I'm trying to work on a project in code that asks this question. I'm currently able to get the right answer by breaking it up, but I'm wondering if there's a mathematical formula I can address this problem to as I'm actually facing computational resource limitations.

For example, the amount of combinations for 50 dice is 50^6, which is 15,625,000,000 which is something my computer can't handle.

I'm trying to find the probability distribution of getting a certain value of n dice where no single value of any dice is 1.

For example, with a single dice, the probability of getting a 1,2,3,4,5, or 6 is 1/6.

For two dice, the probability of getting a total value of 4 or 12 is 1/36 (I ignore the case of 2 and 3 since one of the dice has to have a value of 1). The probability of a 5 or 11 WITHOUT a dice having a value of one is 1/18, 6 or 10 WITHOUT a dice having a value of 1 is 1/12, etc. etc.

Is anyone familiar with generating the probability distribution that all the possible values that can be rolled with n dice such that no dice contains a 1?

  • $\begingroup$ You have a poor computer indeed if it cannot handle an 11 digit number! Since most computers are binary, you might find it convenient to represent $50=10^2/2$, for then $$50^6=10^{12}/2^6=0.015625\times 10^{12}$$ shows that you only need to deal with a six-digit number separately from the exponent. Regardless, there are many solutions, including those given at stats.stackexchange.com/questions/3614 and stats.stackexchange.com/questions/24385. $\endgroup$
    – whuber
    Mar 11, 2018 at 14:38

1 Answer 1


Solve the problem for fifty 5-sided dices (and add 50 to the dice rolls).

You could do the first part (the standard dice roll problem) by

  • approximation with a normal distribution ( https://math.stackexchange.com/questions/406192/probability-distribution-of-rolling-multiple-dice )
  • by the formula for the exact solution from Whuber mentioned in the comments.

  • or by computation doing a convolution 49 times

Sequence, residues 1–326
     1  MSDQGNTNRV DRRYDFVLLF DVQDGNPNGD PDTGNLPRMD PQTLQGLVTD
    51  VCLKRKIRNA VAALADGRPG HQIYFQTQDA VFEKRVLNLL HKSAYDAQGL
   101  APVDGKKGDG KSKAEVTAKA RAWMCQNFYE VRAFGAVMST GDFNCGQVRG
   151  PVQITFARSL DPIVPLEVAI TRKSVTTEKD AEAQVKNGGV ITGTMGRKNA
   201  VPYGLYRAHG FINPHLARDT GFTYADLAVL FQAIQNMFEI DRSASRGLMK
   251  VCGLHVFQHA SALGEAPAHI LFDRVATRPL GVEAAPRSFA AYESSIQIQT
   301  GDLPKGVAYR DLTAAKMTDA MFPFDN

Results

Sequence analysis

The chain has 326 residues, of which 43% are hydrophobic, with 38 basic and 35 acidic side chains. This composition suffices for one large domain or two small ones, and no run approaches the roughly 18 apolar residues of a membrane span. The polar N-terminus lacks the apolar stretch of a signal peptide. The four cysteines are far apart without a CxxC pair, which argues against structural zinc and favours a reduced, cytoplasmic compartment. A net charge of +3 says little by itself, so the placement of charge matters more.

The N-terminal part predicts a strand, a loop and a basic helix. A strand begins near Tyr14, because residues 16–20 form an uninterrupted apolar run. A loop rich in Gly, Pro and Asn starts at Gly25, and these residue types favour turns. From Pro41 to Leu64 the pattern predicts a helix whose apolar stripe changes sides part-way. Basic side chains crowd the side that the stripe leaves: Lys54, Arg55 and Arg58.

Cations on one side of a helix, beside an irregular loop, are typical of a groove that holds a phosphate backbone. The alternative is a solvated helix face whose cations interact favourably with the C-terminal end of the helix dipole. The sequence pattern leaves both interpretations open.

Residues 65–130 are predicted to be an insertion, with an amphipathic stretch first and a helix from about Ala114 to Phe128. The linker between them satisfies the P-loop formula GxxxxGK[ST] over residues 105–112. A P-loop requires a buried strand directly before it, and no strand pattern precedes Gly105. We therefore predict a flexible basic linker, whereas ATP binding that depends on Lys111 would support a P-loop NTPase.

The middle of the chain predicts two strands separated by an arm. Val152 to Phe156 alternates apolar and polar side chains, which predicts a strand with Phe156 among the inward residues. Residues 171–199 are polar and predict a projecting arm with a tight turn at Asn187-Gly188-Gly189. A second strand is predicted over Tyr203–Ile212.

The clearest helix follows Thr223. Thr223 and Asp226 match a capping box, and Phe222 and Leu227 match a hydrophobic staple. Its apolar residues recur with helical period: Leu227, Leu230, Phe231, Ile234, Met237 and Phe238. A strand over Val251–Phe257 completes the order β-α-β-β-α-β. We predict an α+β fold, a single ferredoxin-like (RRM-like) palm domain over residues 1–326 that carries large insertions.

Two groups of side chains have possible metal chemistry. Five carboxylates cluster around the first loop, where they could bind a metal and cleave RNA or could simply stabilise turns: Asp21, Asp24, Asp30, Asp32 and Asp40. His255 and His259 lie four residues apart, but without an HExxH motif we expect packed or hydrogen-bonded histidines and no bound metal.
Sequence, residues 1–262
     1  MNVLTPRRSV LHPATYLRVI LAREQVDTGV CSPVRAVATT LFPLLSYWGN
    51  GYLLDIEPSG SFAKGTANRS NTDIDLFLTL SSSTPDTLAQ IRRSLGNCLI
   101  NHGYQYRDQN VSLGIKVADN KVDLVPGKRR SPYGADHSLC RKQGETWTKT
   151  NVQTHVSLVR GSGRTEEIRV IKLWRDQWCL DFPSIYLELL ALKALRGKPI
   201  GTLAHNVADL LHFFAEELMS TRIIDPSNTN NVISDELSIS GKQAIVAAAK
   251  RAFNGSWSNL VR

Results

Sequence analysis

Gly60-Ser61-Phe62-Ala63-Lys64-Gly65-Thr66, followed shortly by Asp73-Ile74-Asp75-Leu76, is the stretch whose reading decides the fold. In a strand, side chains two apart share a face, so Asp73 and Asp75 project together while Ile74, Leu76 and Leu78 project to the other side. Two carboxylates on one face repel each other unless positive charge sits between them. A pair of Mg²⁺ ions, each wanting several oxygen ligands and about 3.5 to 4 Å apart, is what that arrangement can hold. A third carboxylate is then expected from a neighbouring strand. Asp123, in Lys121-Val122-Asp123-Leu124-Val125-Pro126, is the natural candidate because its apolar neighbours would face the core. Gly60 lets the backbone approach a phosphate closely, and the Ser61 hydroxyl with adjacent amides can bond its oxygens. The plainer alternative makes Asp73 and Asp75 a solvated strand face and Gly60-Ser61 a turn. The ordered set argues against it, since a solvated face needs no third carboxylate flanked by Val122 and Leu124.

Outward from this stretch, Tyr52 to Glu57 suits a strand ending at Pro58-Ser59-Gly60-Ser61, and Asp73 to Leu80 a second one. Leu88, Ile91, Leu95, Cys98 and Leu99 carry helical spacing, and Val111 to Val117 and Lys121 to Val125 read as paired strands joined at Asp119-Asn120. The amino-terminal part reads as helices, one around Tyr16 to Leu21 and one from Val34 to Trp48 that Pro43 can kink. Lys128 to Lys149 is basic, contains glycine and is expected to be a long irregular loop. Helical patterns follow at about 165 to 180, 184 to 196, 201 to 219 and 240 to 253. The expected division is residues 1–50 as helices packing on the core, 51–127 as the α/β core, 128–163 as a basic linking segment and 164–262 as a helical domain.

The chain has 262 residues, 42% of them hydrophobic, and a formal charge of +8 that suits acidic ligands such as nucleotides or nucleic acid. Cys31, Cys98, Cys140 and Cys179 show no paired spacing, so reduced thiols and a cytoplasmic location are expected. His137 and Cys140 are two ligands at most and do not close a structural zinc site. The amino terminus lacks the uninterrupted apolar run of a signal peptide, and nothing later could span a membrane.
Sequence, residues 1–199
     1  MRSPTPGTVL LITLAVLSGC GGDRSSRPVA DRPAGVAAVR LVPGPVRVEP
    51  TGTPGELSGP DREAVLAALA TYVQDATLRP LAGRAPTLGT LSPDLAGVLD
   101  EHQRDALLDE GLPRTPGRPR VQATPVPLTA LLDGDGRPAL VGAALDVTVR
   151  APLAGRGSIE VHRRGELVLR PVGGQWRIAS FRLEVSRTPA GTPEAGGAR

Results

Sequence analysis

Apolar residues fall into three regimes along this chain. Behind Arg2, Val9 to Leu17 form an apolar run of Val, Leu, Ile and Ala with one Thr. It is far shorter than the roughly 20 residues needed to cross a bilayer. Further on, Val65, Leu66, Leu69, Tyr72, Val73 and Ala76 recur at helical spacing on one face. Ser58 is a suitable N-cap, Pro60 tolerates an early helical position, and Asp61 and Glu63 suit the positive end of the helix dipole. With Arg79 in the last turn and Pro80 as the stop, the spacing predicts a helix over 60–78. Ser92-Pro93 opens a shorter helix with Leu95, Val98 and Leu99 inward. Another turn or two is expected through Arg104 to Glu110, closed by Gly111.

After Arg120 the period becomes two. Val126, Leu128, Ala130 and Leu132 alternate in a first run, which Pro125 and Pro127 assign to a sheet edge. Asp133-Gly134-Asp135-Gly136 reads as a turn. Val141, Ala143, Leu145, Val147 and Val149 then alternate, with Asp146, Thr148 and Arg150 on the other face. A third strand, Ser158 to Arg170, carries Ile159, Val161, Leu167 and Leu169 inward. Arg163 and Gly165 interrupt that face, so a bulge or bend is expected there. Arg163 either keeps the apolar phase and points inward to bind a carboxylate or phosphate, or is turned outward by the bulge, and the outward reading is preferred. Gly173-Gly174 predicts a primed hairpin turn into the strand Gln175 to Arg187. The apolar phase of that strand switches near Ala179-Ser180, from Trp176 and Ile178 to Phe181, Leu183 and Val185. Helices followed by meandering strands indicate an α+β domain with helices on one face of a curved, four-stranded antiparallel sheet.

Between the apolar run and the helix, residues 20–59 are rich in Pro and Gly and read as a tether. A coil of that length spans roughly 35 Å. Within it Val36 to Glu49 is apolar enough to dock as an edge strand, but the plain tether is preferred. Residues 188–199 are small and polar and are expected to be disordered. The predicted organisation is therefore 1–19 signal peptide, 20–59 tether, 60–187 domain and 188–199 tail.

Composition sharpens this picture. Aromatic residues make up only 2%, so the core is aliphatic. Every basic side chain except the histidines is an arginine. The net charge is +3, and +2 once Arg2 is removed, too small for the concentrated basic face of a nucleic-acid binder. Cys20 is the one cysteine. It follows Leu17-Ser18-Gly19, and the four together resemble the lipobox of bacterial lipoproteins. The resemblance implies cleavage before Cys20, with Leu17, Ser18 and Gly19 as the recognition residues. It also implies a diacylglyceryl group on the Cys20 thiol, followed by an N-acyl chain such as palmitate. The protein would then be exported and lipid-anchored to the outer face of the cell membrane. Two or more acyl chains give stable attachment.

rolls <- rep(0,5*50)
    rolls[1:5] <- 1
    for (i in 1:49) {
        rolls <- c(0,rolls[1:245],0,0,0,0) +
                 c(0,0,rolls[1:245],0,0,0) +
                 c(0,0,0,rolls[1:245],0,0) +
                 c(0,0,0,0,rolls[1:245],0) +  

    The probability for 5-sided dice roll being x is rolls[x]/5^50. The probability for a 6-sided dice roll being x (and none of the dices is a one) is rolls[x-50]/5^60. Or rolls[x-50]/5^50 if you wish to condition on none of the dices being 1.

The above code can be improved by using 128 bit integers (if you find that necessary)

  • 1
    $\begingroup$ To what, exactly will you add 50? Certainly not to the probability. Given that the chance of the event in question is $(5/6)^{50}\approx 0.00011,$ there doesn't seem to be anything in the output of your code that directly corresponds to it. A little more explanation will help readers understand this solution. $\endgroup$
    – whuber
    Mar 11, 2018 at 14:33
  • $\begingroup$ I intended to add the 50 to the variable. The probability for X=x is rolls[x-50]/6^50. But I actually didn't wanted to give away too much, create a completely finished and polished solution, before it was clear that this is not a self-study question. $\endgroup$ Mar 11, 2018 at 15:00

Your Answer

By clicking “Post Your Answer”, you agree to our terms of service and acknowledge you have read our privacy policy.

Not the answer you're looking for? Browse other questions tagged or ask your own question.